Saturday, April 2, 2011
It's now been over three weeks since the now so-called Tōhoku earthquake and tsunami. That's what it's called on Wikipedia, and it's funny how they create media-friendly monikers for these things.
It's like the ironically named Great Kantō earthquake that hit Tokyo in 1923. It was only great in terms of the number of people it killed (over 100,000).
It's now spring in this city, and the cherry blossoms are beginning to unfurl. Usually at this time of year millions of people would start to unravel their mats in crammed public spaces for the hanami – literally “flower viewing”.
Japan's famous for it.
There’s an ethereal quality to the canopy of subtle pink plumage that surrounds you in leafy places in most parts of the country, and the petals drifting on the breeze is like something spun from the reel of a classic Japanese movie... which is, well, just what you’ve probably seen, in anything from the whimsical musical romp of Seijun Suzuki’s Princess Raccoon (2005) to the dramatic demise of Ken Watanabe’s character in The Last Samurai (2003). They're also stunningly used in Makoto Shinkai's anime 5 Centimetres Per Second (2007).
It’s a remarkable sight quite unlike anything you will have encountered anywhere else in the world. While there may be the odd cherry tree that sticks out like a sore thumb in front yards from Washington D.C. to Melbourne, here in Japan these woody perennials are cultivated, pruned and spaced to perfection.
What makes the seasonal phenomenon even more special is the fleeting nature of the blossoms themselves, prompting the Japanese to use them as a metaphor for life and its brevity.
Which brings us back full circle to the Tōhoku earthquake on March 11, and the continuing woes at the Fukushima nuclear reactors.
Around 25,000 people are assumed to have been killed across 18 prefectures to the north and north-east of Tokyo, while hundreds of thousands are homeless, without basic essentials like water and electricity.
TEPCO, the people who run the nuclear power plants, have put on a carefully orchestrated stage show of ineptitude, and according to some reports may be endangering the lives of their rank-and-file staff by sending them into the reactors to fix the job that management stuffed up in the first place.
Crocodile tears from TEPCO spokesman and head honchos on the TV just don't cut it. I think the entire board of directors should be rounded up and sent in to Fukushima to replace the workers, and try to fix the plants themselves.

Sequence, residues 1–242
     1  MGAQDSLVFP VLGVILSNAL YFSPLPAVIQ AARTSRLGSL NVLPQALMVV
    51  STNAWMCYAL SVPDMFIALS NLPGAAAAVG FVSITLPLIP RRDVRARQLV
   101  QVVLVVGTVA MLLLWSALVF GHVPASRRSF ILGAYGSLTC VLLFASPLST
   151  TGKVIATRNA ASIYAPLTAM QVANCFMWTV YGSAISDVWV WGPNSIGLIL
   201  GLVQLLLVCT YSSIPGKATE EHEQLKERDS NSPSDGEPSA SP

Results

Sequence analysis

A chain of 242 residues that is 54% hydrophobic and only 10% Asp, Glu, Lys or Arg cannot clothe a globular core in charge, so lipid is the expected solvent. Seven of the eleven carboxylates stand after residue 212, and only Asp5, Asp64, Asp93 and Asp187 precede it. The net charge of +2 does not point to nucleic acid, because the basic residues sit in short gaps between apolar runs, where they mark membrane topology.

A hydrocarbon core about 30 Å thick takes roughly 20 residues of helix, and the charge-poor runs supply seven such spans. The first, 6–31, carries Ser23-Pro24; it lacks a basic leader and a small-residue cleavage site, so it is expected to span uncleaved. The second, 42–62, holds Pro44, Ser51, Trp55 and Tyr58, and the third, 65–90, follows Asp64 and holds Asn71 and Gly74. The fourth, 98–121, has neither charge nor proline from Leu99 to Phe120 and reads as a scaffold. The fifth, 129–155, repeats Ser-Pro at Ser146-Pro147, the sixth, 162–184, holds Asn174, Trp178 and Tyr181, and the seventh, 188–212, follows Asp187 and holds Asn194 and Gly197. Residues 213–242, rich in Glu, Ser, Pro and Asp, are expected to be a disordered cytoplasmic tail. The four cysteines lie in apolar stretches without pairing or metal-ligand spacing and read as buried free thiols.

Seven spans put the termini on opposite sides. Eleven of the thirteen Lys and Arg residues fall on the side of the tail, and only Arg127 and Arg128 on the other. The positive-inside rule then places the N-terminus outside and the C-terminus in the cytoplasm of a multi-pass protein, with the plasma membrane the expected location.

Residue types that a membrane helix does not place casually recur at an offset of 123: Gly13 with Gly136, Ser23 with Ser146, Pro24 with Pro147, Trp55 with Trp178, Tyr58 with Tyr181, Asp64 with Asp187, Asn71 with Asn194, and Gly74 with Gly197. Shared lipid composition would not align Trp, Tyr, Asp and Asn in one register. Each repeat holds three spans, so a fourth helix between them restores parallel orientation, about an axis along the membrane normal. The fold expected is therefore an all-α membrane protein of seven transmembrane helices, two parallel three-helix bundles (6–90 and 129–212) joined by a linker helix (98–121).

Meanwhile we're collectively treading water, waiting to see what happens.
Of course we hope for the best, and in my case I occasionally pray to an empty mead hall of Norse gods that the nuclear crisis will soon be a thing of the past. But no one seems quite sure what will transpire.
Most people here are dealing with it regardless, and going on with their lives in the best way possible.
There have been exceptions - like one of the talented artists on my old record label, who seems to have embarked upon a sad descent into a petty, self-centred, money-grabbing kind of madness since the crisis began, and I've lost a mate as a result - but I guess people deal with the subliminal stress in different ways.
Me? I really miss my two girls, who have been down with the in-laws in Fukuoka for two-and-a-half weeks now, until this thing blows over (er... poor choice of words) or is resolved, and we know more about the radiation issue in Tokyo. Having a five-year-old daughter makes things a little more complicated as my wife and I are far more worried about her future health than our own.
Every day I wake up in an empty apartment and go through the somewhat surreal notions of going through life and working like nothing's changed, yet in a subtle sense everything has. As I say - surreal.
And now it's spring, the cherry blossoms are on their way, and I think everyone's wondering the same thing: Is it appropriate to just let our hair down and celebrate, with all that's happened recently and that which continues to unfold up north?
Why am I even bothering to write about this here? Isn't it so damned trivial in the grand scheme of things?
To be honest I haven't got the faintest idea, but I find myself beginning to believe that to celebrate would be some kind of collective catharsis. Perhaps not partying quite so hard - in normal circumstances hanami banquets often stretch from daytime into the night (when the name of the jaunt is changed to yozakura, or night sakura), and lanterns dangle all about for people to continue drinking and warble prolific - but all the same sitting with friends, having a drink or two, and just plain celebrating the here and now could be a godsend.
After all life, as it turns out, can be as fleeting and transient as the cherry blossoms themselves, which often bloom and fall in the same week.
Besides, I'm going to throw in my favourite (anonymous) haiku here. When it's hanami season you need sake, and the two combined are part of what makes Japan truly special - especially at times of adversity like these (currently) are:
what is the use of